This is the first part of an extended conversation with the Jamaican painter Phillip Thomas. Part two can be found here.
Phillip Thomas was born in 1980, in Kingston, Jamaica. He holds a BFA in Painting in 2003 from the Edna Manley College of the Visual and Performing Arts and an MFA from the New York Academy of Art. He has exhibited extensively locally and internationally and is represented in major collections. His recent exhibitions include his solo show “Rich in Black History” (2019) at the RJD Gallery, Bridgehampton, NY, and “Coffee, Rhum, Sugar & Gold: A Postcolonial Paradox” at the Museum of the African Diaspora San Francisco. His awards include the Bronze Musgrave Medal of the Institute of Jamaica, the Public Prize in the 2006 SuperPlus Under 40 Artist of the Year competition, the Aaron Matalon Award in the 2008 National Biennial at the National Gallery of Jamaica, and the Albert Huie Award for Painting at the Edna Manley College in 2003. Thomas lives and works in Kingston, Jamaica, and lectures in Painting at the Edna Manley College.
Veerle Poupeye: How do you situate and define yourself as an artist, in the contemporary Jamaican and Caribbean context? Is that, in fact, the context in which you situate and define yourself and, if not, how else would you contextualize your practice?
Phillip Thomas: It has been a very complicated problem for contemporary artists of the region for some time now. The very structure of the question suggests that artists of the region ought to, in some way, self-consciously produce works of art that reflects some sort of idea about Caribbean aesthetics. As one can imagine, these types of problems produce not just specific aesthetic problems, but ultimately complicate the ways in which we go about the very nature of aesthetic problem-solving. We must, at some point, make up our minds as to what it is that we intend to produce here in the Caribbean – art or artifacts. If we are going to question whether or not the “subaltern” can speak, we cannot merely be content with speaking in unison, where that is appropriate, but, perhaps more importantly, we must also strive for individuality.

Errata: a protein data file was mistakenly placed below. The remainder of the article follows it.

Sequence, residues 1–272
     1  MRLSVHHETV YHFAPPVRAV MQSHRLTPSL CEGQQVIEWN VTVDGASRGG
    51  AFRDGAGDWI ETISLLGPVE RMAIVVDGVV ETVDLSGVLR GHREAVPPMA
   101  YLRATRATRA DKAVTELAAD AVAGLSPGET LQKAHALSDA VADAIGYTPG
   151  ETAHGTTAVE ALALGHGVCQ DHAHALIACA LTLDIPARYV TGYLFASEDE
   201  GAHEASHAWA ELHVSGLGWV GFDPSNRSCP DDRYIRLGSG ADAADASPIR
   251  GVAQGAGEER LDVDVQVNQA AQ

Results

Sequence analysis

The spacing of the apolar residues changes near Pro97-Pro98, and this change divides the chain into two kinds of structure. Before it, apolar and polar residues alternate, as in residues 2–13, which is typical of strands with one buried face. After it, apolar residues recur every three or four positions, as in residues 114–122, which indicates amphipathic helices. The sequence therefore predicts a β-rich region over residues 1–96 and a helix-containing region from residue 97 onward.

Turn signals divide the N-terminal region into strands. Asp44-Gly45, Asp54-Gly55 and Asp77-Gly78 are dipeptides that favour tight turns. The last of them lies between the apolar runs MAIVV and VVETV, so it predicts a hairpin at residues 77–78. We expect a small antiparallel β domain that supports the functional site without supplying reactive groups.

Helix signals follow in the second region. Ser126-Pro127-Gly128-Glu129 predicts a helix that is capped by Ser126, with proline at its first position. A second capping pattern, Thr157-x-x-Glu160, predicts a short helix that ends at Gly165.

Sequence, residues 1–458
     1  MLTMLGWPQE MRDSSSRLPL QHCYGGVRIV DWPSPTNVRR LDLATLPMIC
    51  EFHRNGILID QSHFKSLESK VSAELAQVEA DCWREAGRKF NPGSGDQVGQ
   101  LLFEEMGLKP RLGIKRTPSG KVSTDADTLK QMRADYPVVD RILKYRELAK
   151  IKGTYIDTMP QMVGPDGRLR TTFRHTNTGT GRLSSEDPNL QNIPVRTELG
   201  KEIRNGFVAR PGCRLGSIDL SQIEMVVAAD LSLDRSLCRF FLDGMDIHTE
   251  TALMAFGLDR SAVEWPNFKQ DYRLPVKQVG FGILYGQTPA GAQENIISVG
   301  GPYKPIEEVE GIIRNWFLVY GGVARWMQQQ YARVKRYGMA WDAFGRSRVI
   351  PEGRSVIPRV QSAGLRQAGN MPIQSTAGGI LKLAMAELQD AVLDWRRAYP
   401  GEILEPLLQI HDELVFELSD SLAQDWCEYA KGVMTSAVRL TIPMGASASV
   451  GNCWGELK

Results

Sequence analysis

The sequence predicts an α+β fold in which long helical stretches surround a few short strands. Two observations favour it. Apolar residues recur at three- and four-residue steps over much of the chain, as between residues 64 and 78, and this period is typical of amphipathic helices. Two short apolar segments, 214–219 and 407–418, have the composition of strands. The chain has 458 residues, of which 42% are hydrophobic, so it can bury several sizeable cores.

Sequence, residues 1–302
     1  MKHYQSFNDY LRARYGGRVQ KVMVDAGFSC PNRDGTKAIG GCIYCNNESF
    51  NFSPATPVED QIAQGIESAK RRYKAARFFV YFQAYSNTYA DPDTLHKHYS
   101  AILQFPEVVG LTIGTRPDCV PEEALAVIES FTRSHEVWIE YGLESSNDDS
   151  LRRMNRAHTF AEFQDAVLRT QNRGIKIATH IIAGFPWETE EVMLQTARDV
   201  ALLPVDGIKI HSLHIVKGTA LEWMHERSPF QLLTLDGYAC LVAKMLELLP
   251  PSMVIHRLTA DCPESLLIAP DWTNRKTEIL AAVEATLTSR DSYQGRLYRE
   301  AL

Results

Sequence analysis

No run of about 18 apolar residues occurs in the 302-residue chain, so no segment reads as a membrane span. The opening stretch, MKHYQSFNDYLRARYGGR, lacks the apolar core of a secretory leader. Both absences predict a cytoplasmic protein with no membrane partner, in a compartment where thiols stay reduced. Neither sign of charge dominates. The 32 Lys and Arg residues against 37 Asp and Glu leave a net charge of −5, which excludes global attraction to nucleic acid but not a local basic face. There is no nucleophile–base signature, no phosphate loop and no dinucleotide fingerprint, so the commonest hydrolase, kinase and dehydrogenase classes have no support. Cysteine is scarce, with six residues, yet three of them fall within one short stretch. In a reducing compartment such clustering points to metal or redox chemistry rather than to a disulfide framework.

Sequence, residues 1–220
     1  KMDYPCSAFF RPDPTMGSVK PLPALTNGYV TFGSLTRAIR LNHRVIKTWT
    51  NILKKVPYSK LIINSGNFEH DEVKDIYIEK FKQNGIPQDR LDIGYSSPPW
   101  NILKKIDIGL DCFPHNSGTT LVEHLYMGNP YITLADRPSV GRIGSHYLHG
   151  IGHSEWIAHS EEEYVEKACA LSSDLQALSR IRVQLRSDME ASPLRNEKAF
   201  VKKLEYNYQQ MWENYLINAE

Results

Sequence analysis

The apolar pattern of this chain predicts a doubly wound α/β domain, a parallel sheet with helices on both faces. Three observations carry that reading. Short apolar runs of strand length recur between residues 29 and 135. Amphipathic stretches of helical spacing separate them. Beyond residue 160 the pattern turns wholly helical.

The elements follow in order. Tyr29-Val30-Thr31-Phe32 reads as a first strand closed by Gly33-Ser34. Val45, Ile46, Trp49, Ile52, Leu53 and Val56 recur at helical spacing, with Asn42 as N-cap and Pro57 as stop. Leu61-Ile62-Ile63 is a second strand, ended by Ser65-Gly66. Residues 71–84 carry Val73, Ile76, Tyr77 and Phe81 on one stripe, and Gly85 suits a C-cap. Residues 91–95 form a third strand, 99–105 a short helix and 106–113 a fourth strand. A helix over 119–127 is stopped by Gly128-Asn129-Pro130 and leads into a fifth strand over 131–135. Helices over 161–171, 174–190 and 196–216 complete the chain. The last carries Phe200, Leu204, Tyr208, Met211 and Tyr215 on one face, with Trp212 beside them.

Regionalism through art must be, in my opinion, firstly an endeavor that occurs through the rigors of academic and aesthetic inquiry. Secondly, we must use our present lives and experiences in conjunction with the understanding of our historical narratives in order to convey our truest selves. If our aesthetic investigations are merely remnants of the demands of the “art market”, in other parts of the world, then those demands will produce a false sense of homogeneity. This problem of aesthetic uniformity almost destroyed Haitian Art, for example. Remember, there was a time when Haitian artists were driven to singularity by the global art market. This in turn rendered the works almost indistinguishable in their make and subject matter. Thankfully now, we can all see that this financial suffocation has changed over the years and I think for the better. Certainly, some cultures are more susceptible to these kinds of globally recognized iconographies, and Jamaica is one such cultural product. We even go as far as calling our culture “Brand Jamaica.”
As for my own Jamaican or Caribbean contextualization in art, I am often speaking from a very personal space and experience through which I am “reverse-engineering” some of our national and perhaps regional concerns. One of the ways in which I have gone about discussing some of the aesthetic issues here in Jamaica, is through critiquing the problems of representation, authenticity, authorship and ownership. Much of “our” art history in Jamaica, going back to the 18th century, has primarily been about the depiction of ownership and the “other”. This meant that much of the depictions of Jamaican life was designed to present the land and people as resources that are primed for exploitation. The depictions of Jamaican life, or rather, life in Jamaica, in much of the work of the “Itinerant Painters”, didn’t simply present their subject as merely the acquisition of property but more importantly, they presented the ownership of “subjects”. This manner of depicting acquisition presented a very clear distinction between owner and owned. Now, I have argued that much of those structures are still in place today and we haven’t been able to have an honest discussion about the ways in which our search for “authenticity” has created, inadvertently or otherwise, the means through which the subject of Jamaican art is made synonymous with the demography of the working-class.